Winter's Bone

A Conversation With Daniel Woodrell

John Freeman
8 min read
Daniel Woodrell
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Shortly after moving back to his native Missouri Ozarks, novelist Daniel Woodrell realized he might need to give his wife, who hails from Cleveland, a few social pointers. “You are going to go into the store and try to write a check to pay for the groceries,” he recalls telling her. “And somebody is going to look at you and say, ‘Who are your people?’ I told her who to say—my grandparents—and her checks were always cleared.”

This part of the Ozarks are a mystery to many Americans, even some who live there. Tucked away in the southern tip of Missouri, it remains a world apart. Loggers and mining companies have had their fill, leaving behind a landscape devastated by exploitation yet determined not to die. Head deeper into the woods and you will encounter people as stubborn as the scrub which grows on its rocky hills.

Despite the kudos his name imparts at the grocery store, Woodrell, who moved back home in the early ’90s, doesn’t exactly qualify as local royalty. “My mother’s family is well-respected,” says the 53-year-old novelist, “but my father’s line is more … colorful.” He describes how soon after his homecoming, he ran up against these distinctions. The elderly proprietor of a local dry cleaner asked him, “Are you kin to Alfred Woodrell?” When Woodrell admitted he was, the man replied: “Boy, he was a bad man with a bottle, wasn’t he?”

This kind of reaction is something the heroine of Woodrell’s eighth novel,
Winter’s Bone , hears quite a bit. As the book opens, 16-year-old Ree Dolly’s father has skipped bail and left town, with the family home as his collateral. If Ree doesn’t find him fast, she, her two siblings and their mentally ill mother will be homeless.

Overnight she becomes her father’s bail bondsman, fearlessly visiting his rock-jawed cousins and methamphetamine-dealing business associates. They threaten her with guns and sexual violence, judging her by her family line. But she won’t quit.

Thus, we arrive again in the underworld of the Missouri Ozarks, which has been Woodrell’s specialty for seven books now. From 1985’s
Under the Bright Lights to 1987’s Civil War-set Woe to Live On (made into a movie called Ride the Devil by Ang Lee), he has given voice and depth to this region’s violent souls, drug dealers and hard-drinking, hard-loving layabouts, not to mention the women who put up with them only so long before giving back as hard as they get.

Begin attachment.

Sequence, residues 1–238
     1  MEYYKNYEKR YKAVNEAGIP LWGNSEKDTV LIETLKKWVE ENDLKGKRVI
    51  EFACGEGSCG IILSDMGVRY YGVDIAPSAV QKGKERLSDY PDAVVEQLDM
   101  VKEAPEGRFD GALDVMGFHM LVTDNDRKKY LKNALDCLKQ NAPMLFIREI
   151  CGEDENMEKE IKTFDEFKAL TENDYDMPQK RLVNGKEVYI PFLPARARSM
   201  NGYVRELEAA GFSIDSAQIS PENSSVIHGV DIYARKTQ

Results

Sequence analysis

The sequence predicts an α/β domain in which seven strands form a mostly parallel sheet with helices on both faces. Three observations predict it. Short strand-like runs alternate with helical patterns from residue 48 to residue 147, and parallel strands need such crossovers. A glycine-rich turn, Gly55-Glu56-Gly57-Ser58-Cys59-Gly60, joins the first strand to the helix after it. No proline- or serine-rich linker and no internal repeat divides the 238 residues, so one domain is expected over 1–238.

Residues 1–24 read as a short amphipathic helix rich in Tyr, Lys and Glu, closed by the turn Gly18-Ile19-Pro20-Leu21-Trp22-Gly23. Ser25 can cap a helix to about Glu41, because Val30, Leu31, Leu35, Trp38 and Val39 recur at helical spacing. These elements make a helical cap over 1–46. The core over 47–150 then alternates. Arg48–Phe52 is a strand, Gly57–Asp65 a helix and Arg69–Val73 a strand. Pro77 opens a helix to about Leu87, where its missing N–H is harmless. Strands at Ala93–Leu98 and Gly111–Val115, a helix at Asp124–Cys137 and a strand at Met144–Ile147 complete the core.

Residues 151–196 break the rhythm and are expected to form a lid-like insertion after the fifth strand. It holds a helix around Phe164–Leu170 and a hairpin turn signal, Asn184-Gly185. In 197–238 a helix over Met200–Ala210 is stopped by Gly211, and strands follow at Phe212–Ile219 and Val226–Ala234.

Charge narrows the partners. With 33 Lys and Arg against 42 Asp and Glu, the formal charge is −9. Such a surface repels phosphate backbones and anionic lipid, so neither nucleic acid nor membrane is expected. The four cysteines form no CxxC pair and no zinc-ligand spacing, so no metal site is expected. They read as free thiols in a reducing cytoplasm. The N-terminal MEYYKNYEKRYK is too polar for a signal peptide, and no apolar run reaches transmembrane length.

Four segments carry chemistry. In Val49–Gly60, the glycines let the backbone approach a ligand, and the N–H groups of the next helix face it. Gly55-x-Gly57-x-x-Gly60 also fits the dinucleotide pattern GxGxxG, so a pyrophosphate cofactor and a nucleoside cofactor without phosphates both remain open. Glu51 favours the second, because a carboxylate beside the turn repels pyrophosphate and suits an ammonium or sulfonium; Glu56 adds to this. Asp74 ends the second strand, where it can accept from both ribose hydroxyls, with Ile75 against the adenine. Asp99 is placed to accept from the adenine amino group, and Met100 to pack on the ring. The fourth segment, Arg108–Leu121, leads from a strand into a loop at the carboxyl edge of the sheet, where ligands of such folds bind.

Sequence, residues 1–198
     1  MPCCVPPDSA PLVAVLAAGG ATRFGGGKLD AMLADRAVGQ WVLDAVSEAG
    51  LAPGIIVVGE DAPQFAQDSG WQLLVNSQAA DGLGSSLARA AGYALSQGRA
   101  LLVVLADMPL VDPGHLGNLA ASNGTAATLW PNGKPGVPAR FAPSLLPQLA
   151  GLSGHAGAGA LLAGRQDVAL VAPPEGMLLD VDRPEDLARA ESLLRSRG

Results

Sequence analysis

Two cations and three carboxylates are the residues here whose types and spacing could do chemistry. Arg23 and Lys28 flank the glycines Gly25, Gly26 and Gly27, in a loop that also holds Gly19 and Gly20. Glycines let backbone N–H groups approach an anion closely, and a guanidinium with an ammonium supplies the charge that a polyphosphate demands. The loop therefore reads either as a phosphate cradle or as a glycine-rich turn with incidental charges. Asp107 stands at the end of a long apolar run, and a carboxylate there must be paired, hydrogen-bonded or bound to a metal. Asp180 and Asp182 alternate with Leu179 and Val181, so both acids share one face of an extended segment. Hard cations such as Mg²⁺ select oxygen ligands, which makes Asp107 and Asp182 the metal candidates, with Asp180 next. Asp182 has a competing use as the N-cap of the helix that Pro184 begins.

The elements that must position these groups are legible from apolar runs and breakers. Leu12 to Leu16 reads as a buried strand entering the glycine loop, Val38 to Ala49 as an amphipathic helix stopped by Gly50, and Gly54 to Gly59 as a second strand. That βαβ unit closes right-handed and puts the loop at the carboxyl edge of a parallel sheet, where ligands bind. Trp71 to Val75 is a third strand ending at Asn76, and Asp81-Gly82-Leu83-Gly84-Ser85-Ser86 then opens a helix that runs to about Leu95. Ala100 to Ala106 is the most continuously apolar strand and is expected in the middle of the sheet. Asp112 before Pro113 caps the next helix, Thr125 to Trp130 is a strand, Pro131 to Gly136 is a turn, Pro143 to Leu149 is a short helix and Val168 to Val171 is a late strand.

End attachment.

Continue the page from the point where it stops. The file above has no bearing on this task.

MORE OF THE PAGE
Woodrell does not look like the sort of man who would know about drug labs and gun-toting woodsmen. Dressed in a black shirt, sipping a cup of coffee, he is shy and polite, small-boned. When I ask him about the motivation behind his latest book, his first reaction isn’t to tell a story, or sit back and regale me with tall tales of backwoods ways, but to talk about the poetry he has been reading.

“I was actually under the sway of a bunch of British poets that I had never really dived into before—[like] W.S. Graham,” Woodrell says. “I came to see the kinship between the old Celtic culture in Northern England and Yorkshire and whatnot and the Ozarks. It’s roughly the same gene pool, and the topography is similar.”

For the first time in Woodrell’s oeuvre, he bears this out in his prose. As Ree stumbles, trips and crab-walks her way across the land,
Winter’s Bone lingers elegantly and lushly on the woods around her. So much so that it gives us the impression it is these hills and valleys which have born Ree into the world, not her kin. Woodrell says this is not an accident.

“The language was really crucially important to me,” he says. Having recently read Seamus Heaney’s translation of
Beowulf , he wanted to use a similar kind of heightened form of expression to describe the world around Ree, to depict how it shapes the people who come from this place.